My body gave me another set of skills. It happened that I had a facility with language, a quick memory, and I was reasonably good with logic, numbers and spatial relationships.
My parents had instilled me with confidence, I was good at following instructions, and the combined result was that I rocked at taking IQ and achievement tests. Because those are the things such tests measure.
Here's where things can get confusing, especially to young Latter-day Saints. We have scriptures that say "the glory of God is intelligence" (Doctrine and Covenants 93:36) and "whatever principle of intelligence" we reach "in this life, it will rise with us in the resurrection" (Doctrine and Covenants 130:18).
As a 10-year-old, those were some of my favorite scriptures. Didn't I have test scores that said I was intelligent? And that was the glory of God!
Then I got a little older and applied some logic to those scriptures. It is obvious enough that when the Lord says that the intelligence he values comes through "diligence and obedience" (Doctrine and Covenants 130:19), he's not talking about anything the IQ test measures.
I have since realized that these scriptures are older than the IQ test. Joseph Smith, in struggling to find English words to explain some of the pure knowledge that the Spirit had put into his mind, took the word "intelligence," which then had to do more with clear and accurate understanding than with innate abilities, and put it to use to stand for a concept which had no word because it was unthought-of previous to these revelations.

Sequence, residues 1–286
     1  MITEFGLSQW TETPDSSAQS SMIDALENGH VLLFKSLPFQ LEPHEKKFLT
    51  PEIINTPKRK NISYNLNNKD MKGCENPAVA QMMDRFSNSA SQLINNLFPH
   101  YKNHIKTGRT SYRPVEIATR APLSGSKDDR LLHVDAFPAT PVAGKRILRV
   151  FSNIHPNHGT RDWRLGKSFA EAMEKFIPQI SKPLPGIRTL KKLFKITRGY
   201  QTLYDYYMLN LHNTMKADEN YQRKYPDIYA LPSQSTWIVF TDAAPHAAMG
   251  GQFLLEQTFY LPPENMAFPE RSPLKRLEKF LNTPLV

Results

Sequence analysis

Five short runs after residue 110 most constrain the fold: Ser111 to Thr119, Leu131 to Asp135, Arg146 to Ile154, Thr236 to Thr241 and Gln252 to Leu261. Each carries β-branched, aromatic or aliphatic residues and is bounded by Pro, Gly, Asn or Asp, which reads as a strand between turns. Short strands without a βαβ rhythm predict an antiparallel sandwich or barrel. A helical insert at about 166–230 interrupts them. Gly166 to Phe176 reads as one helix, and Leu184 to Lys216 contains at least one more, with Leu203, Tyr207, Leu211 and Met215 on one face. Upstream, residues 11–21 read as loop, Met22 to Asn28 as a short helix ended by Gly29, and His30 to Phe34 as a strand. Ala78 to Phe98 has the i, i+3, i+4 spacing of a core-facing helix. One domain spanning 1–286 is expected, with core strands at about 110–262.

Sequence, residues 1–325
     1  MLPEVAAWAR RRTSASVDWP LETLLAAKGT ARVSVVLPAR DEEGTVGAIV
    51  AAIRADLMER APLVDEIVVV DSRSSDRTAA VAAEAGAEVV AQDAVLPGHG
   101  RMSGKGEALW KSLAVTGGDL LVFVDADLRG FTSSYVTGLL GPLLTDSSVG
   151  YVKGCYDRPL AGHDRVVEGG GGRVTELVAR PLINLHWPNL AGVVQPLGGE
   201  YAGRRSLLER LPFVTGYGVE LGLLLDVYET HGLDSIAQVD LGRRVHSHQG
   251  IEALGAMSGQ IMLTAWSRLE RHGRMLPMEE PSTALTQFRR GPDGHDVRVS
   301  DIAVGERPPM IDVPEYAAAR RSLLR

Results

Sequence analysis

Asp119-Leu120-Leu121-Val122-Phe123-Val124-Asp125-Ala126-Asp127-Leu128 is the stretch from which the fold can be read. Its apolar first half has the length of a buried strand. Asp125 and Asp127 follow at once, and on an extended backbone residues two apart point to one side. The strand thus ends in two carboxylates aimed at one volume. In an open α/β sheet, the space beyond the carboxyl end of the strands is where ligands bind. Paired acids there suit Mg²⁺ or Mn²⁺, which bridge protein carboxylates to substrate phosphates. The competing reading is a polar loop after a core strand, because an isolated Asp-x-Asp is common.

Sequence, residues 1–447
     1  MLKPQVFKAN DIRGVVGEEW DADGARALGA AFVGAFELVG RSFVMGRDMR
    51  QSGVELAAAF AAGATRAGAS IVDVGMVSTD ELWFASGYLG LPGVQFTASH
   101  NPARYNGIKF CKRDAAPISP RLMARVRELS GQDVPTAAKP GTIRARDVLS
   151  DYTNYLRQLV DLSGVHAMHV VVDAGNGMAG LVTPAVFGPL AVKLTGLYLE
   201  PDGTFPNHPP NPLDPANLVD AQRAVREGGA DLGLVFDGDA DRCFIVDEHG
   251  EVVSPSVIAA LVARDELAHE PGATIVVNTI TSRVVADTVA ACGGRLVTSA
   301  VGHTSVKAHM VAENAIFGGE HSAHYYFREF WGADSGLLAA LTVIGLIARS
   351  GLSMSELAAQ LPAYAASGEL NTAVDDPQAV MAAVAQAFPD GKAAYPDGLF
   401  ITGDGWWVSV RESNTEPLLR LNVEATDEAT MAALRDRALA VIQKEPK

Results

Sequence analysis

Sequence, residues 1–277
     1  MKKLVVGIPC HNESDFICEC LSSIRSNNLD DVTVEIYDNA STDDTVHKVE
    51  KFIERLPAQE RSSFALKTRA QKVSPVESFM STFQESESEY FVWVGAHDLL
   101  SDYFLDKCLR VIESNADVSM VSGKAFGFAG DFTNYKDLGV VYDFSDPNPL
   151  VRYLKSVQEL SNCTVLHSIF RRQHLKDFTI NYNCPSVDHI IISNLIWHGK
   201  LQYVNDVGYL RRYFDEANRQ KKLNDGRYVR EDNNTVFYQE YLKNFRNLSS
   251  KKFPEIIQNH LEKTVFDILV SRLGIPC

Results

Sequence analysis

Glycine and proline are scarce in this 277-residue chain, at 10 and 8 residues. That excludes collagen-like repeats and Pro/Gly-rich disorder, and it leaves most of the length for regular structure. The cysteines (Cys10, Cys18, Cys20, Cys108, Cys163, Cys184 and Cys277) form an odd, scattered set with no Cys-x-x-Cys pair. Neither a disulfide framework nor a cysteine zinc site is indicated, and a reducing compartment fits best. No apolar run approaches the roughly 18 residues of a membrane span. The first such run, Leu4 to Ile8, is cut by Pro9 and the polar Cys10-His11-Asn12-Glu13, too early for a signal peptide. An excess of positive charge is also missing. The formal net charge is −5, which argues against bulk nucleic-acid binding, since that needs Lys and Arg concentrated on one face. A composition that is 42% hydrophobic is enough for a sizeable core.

In other words, being born with a brain that could do IQ gymnastics had nothing to do with the "principle of intelligence" that God valued.
Instead, what the world calls intelligence is exactly analogous with singing talent or athletic gifts: They are part of our Second Estate, acquired at birth.
Everybody who is born into this world can, through "diligence and obedience," achieve that "principle of intelligence" that God sent us here to "attain." Even people who do badly on tests or don't excel at school are on a perfectly level playing field with those whose IQ is off the charts.
Our bodies come with a mix of abilities and disabilities. What God cares about is not what we're born with, but how we use whatever talents we've been given.
Great athletes and artists and scientists and businessmen and performers and teachers are judged by God according to how they obey his commandments and how they treat the people around them. A great artist who is utterly selfish is still a jerk. Genius excuses nothing.
And nothing brings this home like losing some of those physical gifts.
As we age, memory fades; bodily functions break down; our thinking thickens. Yet even though we cannot do as well as we used to in some areas, in others our ability never diminishes: We can be kind and helpful, we can be patient and encouraging, we can be generous … or the opposite.
That is how God measures who we really are — and how we should measure ourselves, as well.